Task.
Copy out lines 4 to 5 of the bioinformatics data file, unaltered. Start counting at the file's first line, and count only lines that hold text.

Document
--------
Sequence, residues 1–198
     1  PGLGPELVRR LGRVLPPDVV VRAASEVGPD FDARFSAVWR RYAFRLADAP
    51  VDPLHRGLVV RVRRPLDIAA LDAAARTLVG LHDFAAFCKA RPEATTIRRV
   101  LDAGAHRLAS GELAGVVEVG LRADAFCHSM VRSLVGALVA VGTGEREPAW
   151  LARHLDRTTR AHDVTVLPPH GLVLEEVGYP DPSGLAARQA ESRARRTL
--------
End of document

   101  LDAGAHRLAS GELAGVVEVG LRADAFCHSM VRSLVGALVA VGTGEREPAW
   151  LARHLDRTTR AHDVTVLPPH GLVLEEVGYP DPSGLAARQA ESRARRTL